MasterChef recap: A double elimination brings twice the emotion, drama, ad breaks and... horseradish

The MasterChef Australia judges get primed for a double elimination.
The MasterChef Australia judges get primed for a double elimination. Photo: Supplied

The episode opens with a close-up of a spider capturing and devouring its prey: an apt metaphor for the way in which tonight, two contestants' hopes and dreams will be ensnared in the web of cookery, and devoured by the monstrous spider that is the judges. For yes, it is that most dreadful of MasterChef phenomena: the DOUBLE ELIMINATION. Twice the misery to be inflicted, twice the schadenfreude to be enjoyed.

In the first round, the amateurs must choose between a black mystery box and a black cloche. If they pick the box, they must cook with at least one of the ingredients therein, but those are the only ingredients they get. If they pick the cloche, they get just one ingredient which they must use, but they get access to the pantry and the garden (not that the garden really matters of course).

The best dish in round one will be safe from round two: the worst will go home. They must vote for whether they will cook with the box or the cloche in round one. They vote for the box, by seven to two. God, explaining the details of a challenge is hella boring, isn't it?

With immunity winner Sabina up on the balcony cheering them on and/or gloating, the amateurs begin to scuttle. "I really love taking one vegetable and presenting it in two different ways," says Pete, as if we're interested in his perverted kinks. As he places his pumpkin wedges in the oven, the soundtrack booms with ominous music, as if we're going to find out he's actually putting a baby in the oven or something. Meanwhile Minoli declares her desire to cook a dish that she wants to eat, as she diligently spreads Vegemite on white bread.

As Pete frets over the unacceptably slow speed at which his pumpkin is roasting, Sabina shouts useful advice like, "salt, acid, you know the drill" and "make sure it's cooked perfectly". The amateurs collectively send up a prayer of thanks for the handy hints she's sending down, without which they would surely be lost. "Come on Juzzy!" she yells, in a not at all irritating or distracting manner. Following her advice, Juzzy does indeed come on. She goes on to tell Kishwar to use the best parts of the fish and tell Tommy that it looks amazing. What they would do without her nobody knows.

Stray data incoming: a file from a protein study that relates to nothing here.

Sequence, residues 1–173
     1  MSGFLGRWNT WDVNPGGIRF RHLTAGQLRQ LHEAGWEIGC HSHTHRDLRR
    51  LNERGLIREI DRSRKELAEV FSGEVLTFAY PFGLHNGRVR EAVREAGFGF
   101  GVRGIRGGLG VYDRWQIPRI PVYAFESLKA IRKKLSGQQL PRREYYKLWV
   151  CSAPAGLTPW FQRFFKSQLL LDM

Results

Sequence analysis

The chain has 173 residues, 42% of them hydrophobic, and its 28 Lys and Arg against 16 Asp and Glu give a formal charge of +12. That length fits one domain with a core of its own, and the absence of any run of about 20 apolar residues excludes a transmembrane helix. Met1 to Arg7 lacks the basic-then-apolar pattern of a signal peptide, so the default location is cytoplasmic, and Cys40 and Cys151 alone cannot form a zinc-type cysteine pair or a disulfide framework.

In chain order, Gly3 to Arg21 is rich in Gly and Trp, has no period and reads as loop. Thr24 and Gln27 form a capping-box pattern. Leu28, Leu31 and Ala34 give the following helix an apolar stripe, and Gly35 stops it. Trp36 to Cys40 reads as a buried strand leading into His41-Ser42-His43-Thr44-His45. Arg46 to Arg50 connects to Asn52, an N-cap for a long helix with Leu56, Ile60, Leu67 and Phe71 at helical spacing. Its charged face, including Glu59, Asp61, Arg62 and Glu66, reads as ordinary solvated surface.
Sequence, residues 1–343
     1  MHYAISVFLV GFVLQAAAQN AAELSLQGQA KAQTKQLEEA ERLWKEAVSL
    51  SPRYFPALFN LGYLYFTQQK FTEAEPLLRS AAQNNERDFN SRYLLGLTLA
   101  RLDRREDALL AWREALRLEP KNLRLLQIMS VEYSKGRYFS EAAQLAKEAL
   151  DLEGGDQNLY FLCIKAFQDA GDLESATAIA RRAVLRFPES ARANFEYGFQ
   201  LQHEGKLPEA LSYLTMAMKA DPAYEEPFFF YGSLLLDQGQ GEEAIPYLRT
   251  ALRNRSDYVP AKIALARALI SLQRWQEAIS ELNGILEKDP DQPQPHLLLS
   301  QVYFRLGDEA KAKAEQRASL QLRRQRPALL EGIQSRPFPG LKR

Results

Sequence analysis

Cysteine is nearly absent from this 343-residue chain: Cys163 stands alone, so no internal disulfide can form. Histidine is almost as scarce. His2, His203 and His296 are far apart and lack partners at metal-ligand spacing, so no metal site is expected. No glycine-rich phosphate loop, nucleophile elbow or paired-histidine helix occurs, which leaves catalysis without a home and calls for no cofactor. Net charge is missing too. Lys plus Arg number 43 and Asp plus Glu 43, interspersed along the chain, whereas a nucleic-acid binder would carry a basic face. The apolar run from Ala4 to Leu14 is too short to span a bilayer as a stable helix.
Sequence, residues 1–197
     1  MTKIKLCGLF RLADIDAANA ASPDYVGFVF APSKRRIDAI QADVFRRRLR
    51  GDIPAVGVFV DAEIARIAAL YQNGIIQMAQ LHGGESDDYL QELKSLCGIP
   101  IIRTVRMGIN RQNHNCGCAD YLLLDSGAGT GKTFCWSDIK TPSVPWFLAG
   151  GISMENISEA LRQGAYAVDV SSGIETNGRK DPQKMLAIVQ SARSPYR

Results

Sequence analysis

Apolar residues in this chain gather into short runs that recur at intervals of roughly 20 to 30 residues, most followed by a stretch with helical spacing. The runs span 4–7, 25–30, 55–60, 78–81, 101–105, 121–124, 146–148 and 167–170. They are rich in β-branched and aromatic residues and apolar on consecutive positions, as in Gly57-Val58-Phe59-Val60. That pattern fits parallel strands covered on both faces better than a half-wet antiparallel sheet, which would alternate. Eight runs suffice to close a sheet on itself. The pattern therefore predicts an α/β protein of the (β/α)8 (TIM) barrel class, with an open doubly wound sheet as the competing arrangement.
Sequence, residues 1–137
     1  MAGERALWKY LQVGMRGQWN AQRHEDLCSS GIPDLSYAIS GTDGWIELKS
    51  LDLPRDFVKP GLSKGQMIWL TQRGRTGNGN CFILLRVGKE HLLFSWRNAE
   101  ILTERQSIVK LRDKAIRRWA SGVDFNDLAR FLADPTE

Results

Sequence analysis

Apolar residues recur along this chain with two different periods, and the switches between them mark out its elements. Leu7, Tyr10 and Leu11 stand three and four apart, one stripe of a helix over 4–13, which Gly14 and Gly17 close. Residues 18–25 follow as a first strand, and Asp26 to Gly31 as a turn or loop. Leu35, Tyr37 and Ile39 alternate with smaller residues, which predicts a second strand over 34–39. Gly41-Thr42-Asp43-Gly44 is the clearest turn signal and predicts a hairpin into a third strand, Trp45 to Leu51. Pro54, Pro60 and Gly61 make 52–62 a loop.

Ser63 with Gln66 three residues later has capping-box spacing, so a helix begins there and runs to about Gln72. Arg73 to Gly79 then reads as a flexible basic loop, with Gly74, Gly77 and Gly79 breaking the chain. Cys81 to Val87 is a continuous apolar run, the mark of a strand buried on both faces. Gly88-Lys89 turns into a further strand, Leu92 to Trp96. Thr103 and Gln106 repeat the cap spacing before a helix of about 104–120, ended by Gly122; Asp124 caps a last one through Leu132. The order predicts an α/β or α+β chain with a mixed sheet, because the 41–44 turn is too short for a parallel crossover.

Depinder is cooking pumpkin cake and walnut ice-cream. And salted caramel just to mess with us. Sabina thinks it looks epic, anyway, and Depinder's arms are flailing like a muppet's, which generally means she's on form. Minoli is less certain of herself, as she is making a broth that she worries won't stand out from all the other broths. Sabina calls out that she wants a big cup of Linda's broth, causing Linda to clench her teeth even tighter and squeeze out a "thanks".

With less than one minute left, Sabina yells, "Make sure the composition of the dish is good!" The amateurs all slap their foreheads, this never having occurred to them. The judges count down to zero and Sabina slumps to the ground, exhausted from her massive efforts throughout.

The judging is a brief affair. Elise's agnolotti sends the judges into raptures. Tommy's broth and noodles are perfectly serviceable. Kishwar's snapper is great. Linda's soup is good enough. Scott's little lumps of something or other are fine. Minoli's fish broth is…disappointing. Oh god no, not Minoli. Have we not suffered enough?

Pete's pumpkin and basically nothing else is the most boring dish you could ever imagine. Melissa actually looks kind of angry at it. But in not-a-surprise at all, the judges love it as they always do when someone makes something that we are led to believe is a massive risk. Then there's Justin's rib-eye which is pretty wonderful, and finally Depinder's ice-cream and gross cake, which is…bland. Not enough flavour. Wuh-oh!

Which is worse, Depinder's disappointing dessert or Minoli's underwhelming broth? The sad answer is…a massive ball of fire and an ad break. And then…

It's Minoli. Her rollercoaster ride is at an end. She must tearfully leave the kitchen, though on the upside at least she's had some practice at it. Her vast army of fans weep bitterly, while Depinder's equally vast army punches the air in triumph.